NGOs in Cambodia: Accommodation with the regime can be very profitable.

Opinions about events beyond our borders.
June 20 2011 12:40 PM

Silence of the Lambs

For do-gooder NGOs in Cambodia, accommodation with the regime is very profitable.

Rugby at a French NGO in Phnom Penh. Click image to expand.
Rugby at a French NGO in Phnom Penh

On a typically warm, muggy evening in Phnom Penh earlier this year, I asked a twentysomething British woman for directions to Titanic, a restaurant overlooking the Tonle Sap River.

"Why?" she asked.

"Because I heard the food was good," I said, somewhat confused.

Advertisement

"Oh, because there's a massive party there tonight for the Westerners!" she breathlessly replied.

Yes, it's always a fine time to be an expatriate aid worker in Cambodia, where several thousand NGOs and aid organizations operate. By day, swarms of foreign do-gooders clog the streets of Phnom Penh in their company-provided SUVs, and by night they fill bars, restaurants, and nightclubs. Collectively, NGO workers represent a privileged caste, isolated and detached from the people who serve as the objects of their benevolence. It's all reminiscent of those clueless young GOP zealots sent to staff the Coalition Provisional Authority in Iraq, except the NGO workers in Cambodia aren't peddling Republican philosophy and the American way, but rather the ideology of altruism.

Scan the world's hot spots and disaster areas, and you'll invariably find NGOs and advocacy groups living high off the hog from donor money and hyping their causes with artfully presented information designed to prompt people to reach for their checkbooks. Nonprofits rushed in after the 2010 earthquake in Haiti, but one survey of 60 U.S. relief organizations found that they had spent less than 40 percent of the $1.4 billion they raised during the first year. Many major projects are still stalled, and around 1 million Haitians live in squalid tent settlements.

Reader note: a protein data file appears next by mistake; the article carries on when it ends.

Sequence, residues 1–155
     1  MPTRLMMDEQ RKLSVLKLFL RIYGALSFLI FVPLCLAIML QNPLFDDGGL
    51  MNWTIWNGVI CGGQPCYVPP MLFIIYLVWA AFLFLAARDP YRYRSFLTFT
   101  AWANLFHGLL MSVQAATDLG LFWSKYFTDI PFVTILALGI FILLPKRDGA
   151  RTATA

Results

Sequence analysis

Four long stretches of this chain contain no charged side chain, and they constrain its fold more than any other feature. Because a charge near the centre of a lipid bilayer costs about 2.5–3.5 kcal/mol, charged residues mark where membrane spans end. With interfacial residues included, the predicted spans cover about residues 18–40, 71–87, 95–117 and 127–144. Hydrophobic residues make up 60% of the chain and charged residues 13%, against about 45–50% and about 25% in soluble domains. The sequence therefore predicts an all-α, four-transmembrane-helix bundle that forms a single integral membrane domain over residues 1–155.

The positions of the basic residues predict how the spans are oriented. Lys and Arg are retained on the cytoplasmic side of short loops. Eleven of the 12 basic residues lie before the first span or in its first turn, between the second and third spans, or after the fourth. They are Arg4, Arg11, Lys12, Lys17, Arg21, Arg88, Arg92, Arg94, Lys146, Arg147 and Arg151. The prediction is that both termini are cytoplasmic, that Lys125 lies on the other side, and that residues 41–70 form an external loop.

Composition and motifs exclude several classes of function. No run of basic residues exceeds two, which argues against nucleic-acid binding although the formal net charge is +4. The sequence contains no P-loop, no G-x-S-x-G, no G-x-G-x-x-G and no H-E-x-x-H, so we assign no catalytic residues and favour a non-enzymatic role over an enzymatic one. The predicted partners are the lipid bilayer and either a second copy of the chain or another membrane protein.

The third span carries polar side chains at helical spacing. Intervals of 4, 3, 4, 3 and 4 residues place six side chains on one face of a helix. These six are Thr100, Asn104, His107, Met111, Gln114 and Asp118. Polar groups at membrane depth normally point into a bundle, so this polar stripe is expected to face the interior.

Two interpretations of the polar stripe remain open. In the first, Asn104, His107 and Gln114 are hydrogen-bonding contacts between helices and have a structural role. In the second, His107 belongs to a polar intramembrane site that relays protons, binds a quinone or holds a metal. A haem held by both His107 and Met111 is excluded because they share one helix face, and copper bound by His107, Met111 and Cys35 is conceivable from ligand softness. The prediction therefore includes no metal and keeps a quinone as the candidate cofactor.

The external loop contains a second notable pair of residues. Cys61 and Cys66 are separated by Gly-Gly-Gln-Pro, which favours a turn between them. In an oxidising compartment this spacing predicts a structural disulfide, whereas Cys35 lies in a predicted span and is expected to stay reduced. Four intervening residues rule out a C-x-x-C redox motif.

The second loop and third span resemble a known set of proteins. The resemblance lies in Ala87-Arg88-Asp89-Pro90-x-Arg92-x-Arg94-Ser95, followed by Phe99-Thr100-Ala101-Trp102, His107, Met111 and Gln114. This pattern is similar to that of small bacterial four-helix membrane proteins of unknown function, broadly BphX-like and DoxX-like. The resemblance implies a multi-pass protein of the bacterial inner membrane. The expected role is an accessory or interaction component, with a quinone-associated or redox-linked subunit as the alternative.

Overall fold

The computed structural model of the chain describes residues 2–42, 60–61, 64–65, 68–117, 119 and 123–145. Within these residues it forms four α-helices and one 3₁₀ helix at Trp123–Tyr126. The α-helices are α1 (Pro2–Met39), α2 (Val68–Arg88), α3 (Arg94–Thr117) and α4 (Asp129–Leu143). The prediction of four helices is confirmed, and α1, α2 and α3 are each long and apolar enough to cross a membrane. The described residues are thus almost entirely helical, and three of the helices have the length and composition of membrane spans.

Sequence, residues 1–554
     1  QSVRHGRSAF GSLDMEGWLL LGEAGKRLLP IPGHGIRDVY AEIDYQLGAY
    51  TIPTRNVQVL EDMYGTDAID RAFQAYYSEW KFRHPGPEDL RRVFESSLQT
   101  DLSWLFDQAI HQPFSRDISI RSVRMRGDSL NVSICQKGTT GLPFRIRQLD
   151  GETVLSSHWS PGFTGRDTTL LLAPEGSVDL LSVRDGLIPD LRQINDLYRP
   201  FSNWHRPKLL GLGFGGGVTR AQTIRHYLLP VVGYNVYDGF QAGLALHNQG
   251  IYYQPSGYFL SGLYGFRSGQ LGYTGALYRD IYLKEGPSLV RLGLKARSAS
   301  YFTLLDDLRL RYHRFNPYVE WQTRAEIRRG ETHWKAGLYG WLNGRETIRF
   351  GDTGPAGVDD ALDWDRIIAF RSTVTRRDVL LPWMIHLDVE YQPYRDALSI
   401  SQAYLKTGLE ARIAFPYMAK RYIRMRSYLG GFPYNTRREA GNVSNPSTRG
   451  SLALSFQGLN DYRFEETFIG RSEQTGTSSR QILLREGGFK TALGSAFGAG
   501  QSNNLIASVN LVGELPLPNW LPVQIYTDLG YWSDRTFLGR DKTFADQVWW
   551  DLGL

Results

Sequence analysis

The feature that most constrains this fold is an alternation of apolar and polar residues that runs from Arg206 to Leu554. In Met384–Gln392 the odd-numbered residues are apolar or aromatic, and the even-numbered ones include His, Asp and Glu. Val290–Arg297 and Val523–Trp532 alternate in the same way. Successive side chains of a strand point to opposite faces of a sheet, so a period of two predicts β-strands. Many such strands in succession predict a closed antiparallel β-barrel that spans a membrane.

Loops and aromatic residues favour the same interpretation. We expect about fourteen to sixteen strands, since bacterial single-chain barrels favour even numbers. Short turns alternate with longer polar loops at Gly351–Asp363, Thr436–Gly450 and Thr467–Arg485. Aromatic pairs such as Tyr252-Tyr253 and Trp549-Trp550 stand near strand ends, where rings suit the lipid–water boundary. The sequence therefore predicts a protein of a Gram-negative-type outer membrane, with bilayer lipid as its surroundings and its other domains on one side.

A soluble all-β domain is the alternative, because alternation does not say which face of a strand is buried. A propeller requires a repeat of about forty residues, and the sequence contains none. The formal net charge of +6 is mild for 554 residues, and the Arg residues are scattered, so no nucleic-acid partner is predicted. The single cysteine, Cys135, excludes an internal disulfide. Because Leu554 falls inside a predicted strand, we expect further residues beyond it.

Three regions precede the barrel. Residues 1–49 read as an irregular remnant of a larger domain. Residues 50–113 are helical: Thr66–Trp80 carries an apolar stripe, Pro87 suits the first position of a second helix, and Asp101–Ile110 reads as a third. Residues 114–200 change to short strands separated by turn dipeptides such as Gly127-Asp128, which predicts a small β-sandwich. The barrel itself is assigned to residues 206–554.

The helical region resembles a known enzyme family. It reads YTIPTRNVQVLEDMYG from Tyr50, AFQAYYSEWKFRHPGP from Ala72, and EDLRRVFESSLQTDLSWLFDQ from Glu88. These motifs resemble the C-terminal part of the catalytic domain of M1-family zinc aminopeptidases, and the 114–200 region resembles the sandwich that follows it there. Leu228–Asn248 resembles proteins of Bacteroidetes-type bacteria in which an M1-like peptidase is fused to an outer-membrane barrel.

Many of the billions of dollars allocated to USAID to rebuild Afghanistan never made it to the country, because about half of all funds were handed out to U.S. companies. Meanwhile, USA Today reported that four chief executives of nonprofit corporations delivering U.S. foreign assistance to Afghanistan earned more than $500,000 in 2007.

A few years back, a charity called Christian Solidarity International raised huge sums of money (from American schoolchildren, among others) by allegedly freeing Christians in Sudan who were "trafficked" by Arab slavers. The story was largely a fiction. A former CSI staffer told 60 Minutes that a rebel group working closely with the charity rounded up ordinary village children ("instant slaves," he dubbed them) who CSI then bought at mass "redemptions." The Save Darfur movement exaggerated the already egregious crimes of the Sudanese government in the hopes of prompting an international military intervention that would have made the current Libyan quagmire look like a picnic.

The point here is not that every seemingly good cause is a fraud and that all international aid groups are poverty pimps (though some certainly are). It's that people should bring the same degree of scrutiny to NGOs as they do to corporations and governments (and the media for that matter). And nowhere is a jaundiced eye more warranted than in examining the do-gooder community of Cambodia.